RKIP expression plasmids have been previously described (26). Deletion mutants of pCMV5-HA-RKIP (26) for expression in mammalian cells were generated by PCR. To construct FLAG-tagged Raf-1, the Raf-1 cDNA was PCR amplified for in-frame cloning into pCMV2-FLAG. For expression in Escherichia coli, deletion mutants were made as follows. GNX, which contains the BXB cDNA cloned into pGEX-KG (7), was cut with HindIII and other restriction enzymes (see Fig. Fig.5a).5a). HindIII cuts downstream of the BXB cDNA and upstream of stop codons in all three reading frames. After blunt ending with T4 polymerase, the plasmids were religated. The same strategy was used to make glutathione S-transferase (GST)–RKIP deletion mutants. MEK-1 deletion mutants were generated by PCR and cloned into pRSETA, resulting in the addition of an N-terminal six-His tag. Proteins were expressed and purified as described previously (7, 26). Activated Raf-1 was purified from Sf-9 insect cells coinfected with GST–Raf-1 plus RasV12 and Lck as previously described (18). GST–MEK-1–Raf-1 complexes were produced in Sf-9 insect cells and purified by adsorption to glutathione Sepharose, as described previously (18).
Typically, binding reactions between purified recombinant proteins were done in phosphate-buffered saline (PBS) containing 10% bovine serum as a nonspecific competitor. Consistent results were obtained with 0.5 or 5% bovine serum albumin. After incubation for 1 to 5 h at 4°C, the samples were washed four times with PBS, resolved by sodium dodecyl sulfate (SDS)-polyacrylamide gel electrophoresis and blotted. Pulldown assays with the His/MEK-1 deletion mutants were performed by incubating 1 μg of soluble His/MEK-1 proteins with 1 μg of GST or GST fusion proteins immobilized on glutathione Sepharose beads in 0.5 ml of buffer containing 20 mM Tris-HCl (pH 7.4), 0.2 mM EDTA, 0.1 M NaCl, and 1 mM dithiothreitol. The beads were washed twice with the same buffer containing 0.1% NP-40, resolved by SDS-polyacrylamide gel electrophoresis, and immunoblotted with anti-His tag antibody (Qiagen). Since full-length Raf-1 cannot be expressed in E. coli in an active form, Sf-9 insect cells infected with a Raf-1 baculovirus were used. Lysates were prepared by freeze-thawing Sf-9 cells in PBS or by lysis in TBST (20 mM Tris HCl [pH 7.4], 150 mM NaCl, 2 mM EDTA, and 1% Triton X-100) supplemented with protease inhibitors (1 mM phenylmethylsulfonyl fluoride and 1 μg of leupeptin/ml). Detergent-free lysis improved the recovery of complexes in the binding reactions but gave qualitatively the same results as Triton X-100 lysates. Lysates were clarified by centrifugation at 23,000 × g for 10 min, and the supernatants were used for the binding reactions. The blots were developed using chemiluminescence. Phosphorylated His/MEK-1 for use in RKIP binding assays (see Fig. Fig.4c)4c) was obtained by incubation with GST–Raf-1 immobilized on glutathione Sepharose in the presence of 20 μM ATP and 0.5 μCi of [γ-32P]ATP for 45 min. The GST–Raf-1 beads were removed by centrifugation. The supernatant was diluted fivefold with PBS and incubated with GST or GST-RKIP beads. To reduce nonspecific binding, the beads were preabsorbed with 10% serum or 2% bovine serum albumin for at least 2 h. Typically, 0.5 to 2 μg of His/MEK-1 per binding reaction was used. Phosphorylated ERK was made in a similar fashion with the following modifications. The GST portion of GST-ERK2 was removed by thrombin cleavage. GST-MEK was activated by GST–Raf-1 as described above except that only cold ATP was used. After 30 min, ERK2 and 0.5 μCi of [γ-32P]ATP were added and incubated for a further 15 min. The reaction was diluted fivefold with PBS, and 20 μl of glutathione Sepharose beads was added to assure the removal of all GST-tagged proteins. The supernatant was used for the binding reactions. For some experiments, activated ERK purchased from New England Biolabs was used with consistent results.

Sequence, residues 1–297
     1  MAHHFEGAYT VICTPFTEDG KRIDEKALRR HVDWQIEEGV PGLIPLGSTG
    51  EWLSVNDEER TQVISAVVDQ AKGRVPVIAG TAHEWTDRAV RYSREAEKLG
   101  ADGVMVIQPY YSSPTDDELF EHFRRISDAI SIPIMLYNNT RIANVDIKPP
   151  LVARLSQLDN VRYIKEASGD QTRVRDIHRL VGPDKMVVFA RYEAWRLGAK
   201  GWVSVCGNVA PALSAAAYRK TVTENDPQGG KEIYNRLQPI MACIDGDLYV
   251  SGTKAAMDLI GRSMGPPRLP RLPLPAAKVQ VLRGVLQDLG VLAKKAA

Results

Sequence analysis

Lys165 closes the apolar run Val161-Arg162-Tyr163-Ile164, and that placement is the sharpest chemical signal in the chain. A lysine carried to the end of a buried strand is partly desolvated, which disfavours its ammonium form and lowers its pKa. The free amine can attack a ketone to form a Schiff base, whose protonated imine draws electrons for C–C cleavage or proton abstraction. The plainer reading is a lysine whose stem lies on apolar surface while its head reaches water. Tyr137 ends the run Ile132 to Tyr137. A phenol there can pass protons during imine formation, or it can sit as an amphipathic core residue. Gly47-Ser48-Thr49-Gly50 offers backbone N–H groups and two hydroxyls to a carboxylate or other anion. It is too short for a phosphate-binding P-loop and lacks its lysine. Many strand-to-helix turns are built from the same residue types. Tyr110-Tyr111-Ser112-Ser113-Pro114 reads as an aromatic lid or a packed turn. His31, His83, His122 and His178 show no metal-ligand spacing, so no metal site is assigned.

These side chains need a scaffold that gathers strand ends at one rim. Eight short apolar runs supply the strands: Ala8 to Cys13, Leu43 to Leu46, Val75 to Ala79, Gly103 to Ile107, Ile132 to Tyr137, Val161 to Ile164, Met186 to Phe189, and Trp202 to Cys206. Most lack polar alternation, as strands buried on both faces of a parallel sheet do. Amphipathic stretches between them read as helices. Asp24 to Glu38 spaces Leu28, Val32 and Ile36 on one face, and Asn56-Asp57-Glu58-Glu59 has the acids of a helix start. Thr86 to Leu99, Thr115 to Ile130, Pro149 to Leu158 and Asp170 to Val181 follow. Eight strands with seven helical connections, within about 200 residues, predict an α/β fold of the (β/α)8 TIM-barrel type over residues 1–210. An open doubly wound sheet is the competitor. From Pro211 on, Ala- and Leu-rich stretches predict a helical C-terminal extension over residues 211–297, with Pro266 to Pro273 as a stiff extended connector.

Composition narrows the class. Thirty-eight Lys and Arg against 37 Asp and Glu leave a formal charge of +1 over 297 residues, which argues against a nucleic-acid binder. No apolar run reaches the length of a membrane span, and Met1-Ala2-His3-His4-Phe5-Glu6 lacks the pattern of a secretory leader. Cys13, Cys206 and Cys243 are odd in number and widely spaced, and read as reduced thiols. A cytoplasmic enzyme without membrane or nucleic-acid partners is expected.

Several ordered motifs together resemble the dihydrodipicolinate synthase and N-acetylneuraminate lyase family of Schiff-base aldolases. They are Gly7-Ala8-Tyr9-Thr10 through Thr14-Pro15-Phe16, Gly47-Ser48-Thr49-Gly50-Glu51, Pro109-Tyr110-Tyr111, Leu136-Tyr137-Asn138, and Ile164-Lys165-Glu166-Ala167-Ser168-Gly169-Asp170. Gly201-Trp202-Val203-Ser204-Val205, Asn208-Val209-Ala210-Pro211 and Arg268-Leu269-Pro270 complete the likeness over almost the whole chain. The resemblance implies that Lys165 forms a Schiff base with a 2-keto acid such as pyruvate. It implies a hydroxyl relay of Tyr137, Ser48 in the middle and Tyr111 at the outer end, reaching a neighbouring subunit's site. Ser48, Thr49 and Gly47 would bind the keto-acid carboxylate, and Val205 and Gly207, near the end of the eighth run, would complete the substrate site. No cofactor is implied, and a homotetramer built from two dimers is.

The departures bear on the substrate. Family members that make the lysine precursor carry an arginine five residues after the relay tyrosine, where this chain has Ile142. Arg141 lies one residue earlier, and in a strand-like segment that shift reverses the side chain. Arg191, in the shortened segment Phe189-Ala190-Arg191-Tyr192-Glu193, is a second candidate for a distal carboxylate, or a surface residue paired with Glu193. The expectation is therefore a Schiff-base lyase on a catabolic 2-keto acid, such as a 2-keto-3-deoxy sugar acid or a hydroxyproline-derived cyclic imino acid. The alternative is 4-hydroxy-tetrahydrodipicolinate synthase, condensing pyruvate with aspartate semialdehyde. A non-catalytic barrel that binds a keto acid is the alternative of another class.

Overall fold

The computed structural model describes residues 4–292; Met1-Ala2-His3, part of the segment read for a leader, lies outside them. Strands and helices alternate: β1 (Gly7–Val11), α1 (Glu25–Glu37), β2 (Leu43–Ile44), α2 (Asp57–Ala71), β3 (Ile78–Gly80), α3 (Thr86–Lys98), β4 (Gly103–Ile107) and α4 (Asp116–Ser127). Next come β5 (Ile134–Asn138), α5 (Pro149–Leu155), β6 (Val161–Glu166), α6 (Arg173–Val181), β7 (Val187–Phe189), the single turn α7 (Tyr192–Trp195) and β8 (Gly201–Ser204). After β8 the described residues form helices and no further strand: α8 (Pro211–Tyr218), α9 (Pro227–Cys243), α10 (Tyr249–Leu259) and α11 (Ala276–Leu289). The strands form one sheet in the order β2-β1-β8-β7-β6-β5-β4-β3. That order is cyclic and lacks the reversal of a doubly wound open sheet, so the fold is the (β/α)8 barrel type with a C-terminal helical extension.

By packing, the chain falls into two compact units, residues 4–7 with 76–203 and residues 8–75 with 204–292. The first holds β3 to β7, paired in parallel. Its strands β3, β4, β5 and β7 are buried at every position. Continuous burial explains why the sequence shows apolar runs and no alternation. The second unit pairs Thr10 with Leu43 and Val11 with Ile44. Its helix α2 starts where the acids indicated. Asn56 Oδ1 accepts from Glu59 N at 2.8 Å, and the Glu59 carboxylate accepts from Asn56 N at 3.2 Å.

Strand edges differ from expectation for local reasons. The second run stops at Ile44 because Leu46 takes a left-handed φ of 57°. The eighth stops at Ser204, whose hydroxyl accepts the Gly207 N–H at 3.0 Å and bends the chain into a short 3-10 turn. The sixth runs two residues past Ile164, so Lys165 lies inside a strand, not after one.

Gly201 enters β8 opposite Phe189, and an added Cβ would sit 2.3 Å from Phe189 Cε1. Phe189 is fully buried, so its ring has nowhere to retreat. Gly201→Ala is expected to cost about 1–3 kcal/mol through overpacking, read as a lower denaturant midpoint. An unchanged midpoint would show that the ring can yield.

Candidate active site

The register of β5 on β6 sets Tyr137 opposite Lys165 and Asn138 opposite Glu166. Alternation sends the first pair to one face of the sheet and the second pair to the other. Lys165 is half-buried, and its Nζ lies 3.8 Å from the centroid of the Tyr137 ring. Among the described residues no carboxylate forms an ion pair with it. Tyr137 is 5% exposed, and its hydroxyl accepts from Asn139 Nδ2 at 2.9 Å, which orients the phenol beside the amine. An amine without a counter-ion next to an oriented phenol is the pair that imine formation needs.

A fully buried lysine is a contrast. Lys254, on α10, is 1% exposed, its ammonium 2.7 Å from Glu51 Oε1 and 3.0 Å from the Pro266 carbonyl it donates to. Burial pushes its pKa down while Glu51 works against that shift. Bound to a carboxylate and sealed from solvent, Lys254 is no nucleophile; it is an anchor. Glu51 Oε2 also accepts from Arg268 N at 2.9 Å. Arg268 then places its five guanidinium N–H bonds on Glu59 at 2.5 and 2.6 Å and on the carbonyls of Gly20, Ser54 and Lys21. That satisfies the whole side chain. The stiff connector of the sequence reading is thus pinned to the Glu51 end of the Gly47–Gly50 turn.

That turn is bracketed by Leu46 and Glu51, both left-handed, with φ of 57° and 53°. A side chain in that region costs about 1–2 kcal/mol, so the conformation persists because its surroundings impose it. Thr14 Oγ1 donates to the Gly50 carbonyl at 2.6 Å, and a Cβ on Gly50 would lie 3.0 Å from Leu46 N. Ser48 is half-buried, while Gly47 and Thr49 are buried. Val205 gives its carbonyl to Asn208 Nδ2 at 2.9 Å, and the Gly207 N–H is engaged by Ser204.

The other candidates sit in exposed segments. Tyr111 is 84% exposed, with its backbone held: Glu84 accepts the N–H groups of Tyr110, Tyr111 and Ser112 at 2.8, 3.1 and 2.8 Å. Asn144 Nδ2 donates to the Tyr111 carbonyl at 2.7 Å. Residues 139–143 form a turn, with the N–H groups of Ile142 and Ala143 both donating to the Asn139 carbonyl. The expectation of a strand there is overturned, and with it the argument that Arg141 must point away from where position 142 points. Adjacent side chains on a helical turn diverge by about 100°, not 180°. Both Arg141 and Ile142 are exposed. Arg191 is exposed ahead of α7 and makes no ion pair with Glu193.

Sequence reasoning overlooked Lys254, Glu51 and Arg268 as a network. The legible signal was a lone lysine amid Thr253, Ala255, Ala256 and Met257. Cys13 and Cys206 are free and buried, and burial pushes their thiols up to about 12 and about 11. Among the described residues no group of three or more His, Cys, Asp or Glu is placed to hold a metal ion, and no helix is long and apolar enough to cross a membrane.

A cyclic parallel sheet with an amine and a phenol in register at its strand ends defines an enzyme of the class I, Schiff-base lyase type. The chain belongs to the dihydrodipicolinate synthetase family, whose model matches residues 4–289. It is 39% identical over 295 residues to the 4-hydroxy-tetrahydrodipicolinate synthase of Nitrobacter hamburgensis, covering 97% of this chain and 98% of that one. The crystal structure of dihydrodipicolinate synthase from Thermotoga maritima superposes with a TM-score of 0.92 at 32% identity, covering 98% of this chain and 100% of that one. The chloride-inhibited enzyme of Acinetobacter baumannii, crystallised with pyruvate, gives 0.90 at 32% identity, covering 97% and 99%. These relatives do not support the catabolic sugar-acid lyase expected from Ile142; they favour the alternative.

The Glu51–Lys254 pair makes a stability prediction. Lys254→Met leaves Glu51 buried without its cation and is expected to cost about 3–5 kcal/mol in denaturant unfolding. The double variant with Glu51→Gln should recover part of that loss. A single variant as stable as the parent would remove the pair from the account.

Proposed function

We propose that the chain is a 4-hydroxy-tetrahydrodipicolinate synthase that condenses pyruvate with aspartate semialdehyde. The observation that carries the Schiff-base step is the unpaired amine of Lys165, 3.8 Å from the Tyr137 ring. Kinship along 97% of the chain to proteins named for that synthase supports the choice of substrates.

For the enzyme kinetic analysis, activated Raf-1 was prepared from Sf-9 cells coinfected with GST–Raf-1 and Ras plus Lck in Sf-9 cells, as previously described (7). Kinase reactions were carried out in 30 μl of Raf kinase buffer (7) supplemented with 10 μM ATP and 2.5 μCi of [γ-32P]ATP using GST–MEK-1 as substrate. Reaction mixtures were incubated 20 min at 25°C and resolved on SDS–10% acrylamide gels; MEK-1 phosphorylation was then quantitated using a Fuji phosphorimager. MEK-1 autophosphorylation was subtracted, and the data were analyzed with the SigmaPlot software. The kinase activity of Raf-1 immunoprecipitates (see Fig. Fig.4a)4a) was measured as described previously (1). The phosphorylation of negative His/MEK-1 was detected (see Fig. Fig.4b)4b) with a phosphospecific MEK antiserum (New England Biolabs).